Wednesday, July 01, 2009

Baltimore, Leaderless; The Mafia Could Run Things

We're leaderless in Baltimore City. I'm not talking about political leadership, Baltimore has plenty of that, and they do a pretty good job. That includes the police - I think the Baltimore City Police do a very good job, and in a city with our murder rate, the police are a component of the political dynamic.

Compare Baltimore to Boston. In 2008 there were 282 homicides in Baltimore, and 63 in Boston. The insufferable Boston sports fans and their awful grating accent aside, Boston is the more livable city. Why is that? It's not Boston's crappy weather, nor is it their people. The difference is that Boston has Luigi Mannochio.

Mannochio runs the Patriarcha crime family, part of the Mafia. He lives in Providence, RI, but Boston organized crime traditionally has been managed from Providence.

Wikipedia says this about him:

Manocchio was promoted to boss of the Patriarca family following the imprisonment of many of the organization's other leaders. He has been described as a "shrewd, opportunistic old-school leader who excels at keeping a low profile" and is considered "tough and capable, and is well respected among the New York Crime Families."


Put simply, the man provides competent, adult leadership to the organized criminals in Boston and the rest of New England. And that's the difference between Boston and Baltimore.

In Baltimore, our organized criminal element is made up of many small crews that operate on one street or one housing complex. Some are larger. But there are far too many crews, and they are constantly struggling against other similar crews, fighting over control of drug corners. They shoot each other, several hundred times a year. Worse, they often murder witnesses to their murders of rival drug dealers. These gangs are virtually all run by children, by which I mean boys in their early 20's.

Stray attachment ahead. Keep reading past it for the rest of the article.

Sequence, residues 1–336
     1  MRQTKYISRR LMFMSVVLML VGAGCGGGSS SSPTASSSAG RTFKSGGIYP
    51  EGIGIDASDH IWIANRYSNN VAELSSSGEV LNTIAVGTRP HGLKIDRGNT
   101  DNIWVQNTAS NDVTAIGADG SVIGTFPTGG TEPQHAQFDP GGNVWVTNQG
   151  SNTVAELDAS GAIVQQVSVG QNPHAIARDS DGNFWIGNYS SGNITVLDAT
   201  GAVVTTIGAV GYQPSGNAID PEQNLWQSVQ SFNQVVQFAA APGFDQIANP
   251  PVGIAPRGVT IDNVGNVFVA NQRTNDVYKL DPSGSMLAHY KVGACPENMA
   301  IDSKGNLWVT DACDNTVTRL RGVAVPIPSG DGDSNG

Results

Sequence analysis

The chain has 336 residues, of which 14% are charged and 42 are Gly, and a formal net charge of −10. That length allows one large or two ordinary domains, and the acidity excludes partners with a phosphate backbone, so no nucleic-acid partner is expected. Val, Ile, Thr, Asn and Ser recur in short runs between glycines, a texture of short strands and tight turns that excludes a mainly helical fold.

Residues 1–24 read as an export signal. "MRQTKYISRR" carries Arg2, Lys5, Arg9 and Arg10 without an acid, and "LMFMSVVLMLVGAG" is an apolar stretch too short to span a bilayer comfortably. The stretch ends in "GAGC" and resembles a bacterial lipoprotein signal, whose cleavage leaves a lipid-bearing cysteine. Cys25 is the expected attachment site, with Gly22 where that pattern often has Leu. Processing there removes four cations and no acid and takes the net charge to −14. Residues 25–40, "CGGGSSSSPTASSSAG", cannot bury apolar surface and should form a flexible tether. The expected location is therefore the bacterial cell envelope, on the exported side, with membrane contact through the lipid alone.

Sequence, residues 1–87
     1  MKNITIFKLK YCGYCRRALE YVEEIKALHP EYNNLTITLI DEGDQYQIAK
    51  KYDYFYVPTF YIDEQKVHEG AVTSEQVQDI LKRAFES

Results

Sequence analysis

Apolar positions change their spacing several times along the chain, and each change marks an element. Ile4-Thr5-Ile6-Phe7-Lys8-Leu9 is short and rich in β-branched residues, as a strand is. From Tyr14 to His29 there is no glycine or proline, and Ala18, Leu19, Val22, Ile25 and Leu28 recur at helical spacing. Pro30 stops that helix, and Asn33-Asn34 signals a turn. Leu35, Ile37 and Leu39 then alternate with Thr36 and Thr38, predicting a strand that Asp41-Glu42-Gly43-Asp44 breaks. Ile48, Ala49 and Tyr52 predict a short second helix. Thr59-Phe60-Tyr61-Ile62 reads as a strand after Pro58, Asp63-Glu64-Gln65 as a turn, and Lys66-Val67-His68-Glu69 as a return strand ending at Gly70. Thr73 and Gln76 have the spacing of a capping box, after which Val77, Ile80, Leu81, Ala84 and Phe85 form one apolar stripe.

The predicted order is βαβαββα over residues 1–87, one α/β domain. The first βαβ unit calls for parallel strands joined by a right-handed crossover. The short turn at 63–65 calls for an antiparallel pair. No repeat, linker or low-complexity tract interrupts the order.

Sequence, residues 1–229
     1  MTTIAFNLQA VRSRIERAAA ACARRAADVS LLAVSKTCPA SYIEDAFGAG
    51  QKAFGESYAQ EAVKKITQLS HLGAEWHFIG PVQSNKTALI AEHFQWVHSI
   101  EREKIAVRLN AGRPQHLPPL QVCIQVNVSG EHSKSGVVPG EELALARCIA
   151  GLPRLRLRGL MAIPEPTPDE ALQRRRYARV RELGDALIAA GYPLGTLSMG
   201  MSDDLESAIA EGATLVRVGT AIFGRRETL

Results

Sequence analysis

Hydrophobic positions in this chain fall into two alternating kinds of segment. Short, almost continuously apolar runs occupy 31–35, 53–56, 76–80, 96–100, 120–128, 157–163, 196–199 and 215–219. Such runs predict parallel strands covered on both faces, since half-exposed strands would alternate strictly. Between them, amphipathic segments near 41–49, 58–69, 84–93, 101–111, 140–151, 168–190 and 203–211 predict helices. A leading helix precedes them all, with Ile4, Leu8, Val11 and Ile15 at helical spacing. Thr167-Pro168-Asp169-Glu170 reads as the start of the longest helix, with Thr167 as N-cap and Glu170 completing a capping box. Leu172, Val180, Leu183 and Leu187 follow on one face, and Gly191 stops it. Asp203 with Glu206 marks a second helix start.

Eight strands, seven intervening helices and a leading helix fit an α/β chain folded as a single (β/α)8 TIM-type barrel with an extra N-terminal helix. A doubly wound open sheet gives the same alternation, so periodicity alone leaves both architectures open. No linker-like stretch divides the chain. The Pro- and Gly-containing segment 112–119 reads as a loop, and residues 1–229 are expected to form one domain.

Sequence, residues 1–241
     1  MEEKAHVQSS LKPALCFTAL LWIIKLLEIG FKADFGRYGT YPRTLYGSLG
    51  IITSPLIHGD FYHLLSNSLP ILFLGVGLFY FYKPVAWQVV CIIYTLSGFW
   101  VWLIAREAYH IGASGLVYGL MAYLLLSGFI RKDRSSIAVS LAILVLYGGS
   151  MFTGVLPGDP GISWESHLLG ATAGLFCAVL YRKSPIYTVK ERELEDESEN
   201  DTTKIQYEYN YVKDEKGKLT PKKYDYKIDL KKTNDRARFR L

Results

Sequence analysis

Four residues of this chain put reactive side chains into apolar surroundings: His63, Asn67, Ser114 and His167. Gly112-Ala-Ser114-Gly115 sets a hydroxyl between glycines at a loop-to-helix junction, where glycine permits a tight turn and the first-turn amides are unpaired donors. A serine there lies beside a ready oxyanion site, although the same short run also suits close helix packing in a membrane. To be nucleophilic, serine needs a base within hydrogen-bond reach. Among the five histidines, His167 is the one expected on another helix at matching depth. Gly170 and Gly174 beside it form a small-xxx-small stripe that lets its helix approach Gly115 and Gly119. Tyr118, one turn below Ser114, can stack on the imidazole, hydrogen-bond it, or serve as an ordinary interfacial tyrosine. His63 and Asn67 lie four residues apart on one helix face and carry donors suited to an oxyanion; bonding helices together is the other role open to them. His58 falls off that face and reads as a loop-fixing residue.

Bodie Broadus' corner where he dealt drugs and was killed.

The Black Gorilla Family (BGF) is the only organized gang I've seen that has grown men (men in their 40's and 50's) in leadership positions. One could hope that they could take over drug dealing across the entire city and reduce the violence to Boston-like levels. But Rod Rosenstein, our very competent and perfectly educated United States Attorney who does his job very well, recently hammered BGF with a very damaging indictment, and I imagine they may well be finished in the near term. So we go back to business as usual.

Bodie's corner.

Why don't we negotiate with the Mafia about managing things in Baltimore?

Let's invite them to come to Baltimore, and organize the city.  My suggestion would be to make three territories: west side (including Park Heights/Pimlico), east side, and southern, with southern additionally having control of Annapolis.

As in other Mafia run cities, no violence would be tolerated without approval from the bosses, and the bosses would collaborate on that approval. After some initial pushback from the little child gangs we have now, we'd be down to less than 100 murders the first year, and less after that.

We need some pragmatism here. The Mafia understand that violence and murder bring police attention, and that's why they survive today - they keep the violence level down, the people don't complain, and the Mafia do their business mostly unmolested by police. This is a lesson our Baltimore criminals can't seem to learn. If you stop shooting each other, the police will leave you alone.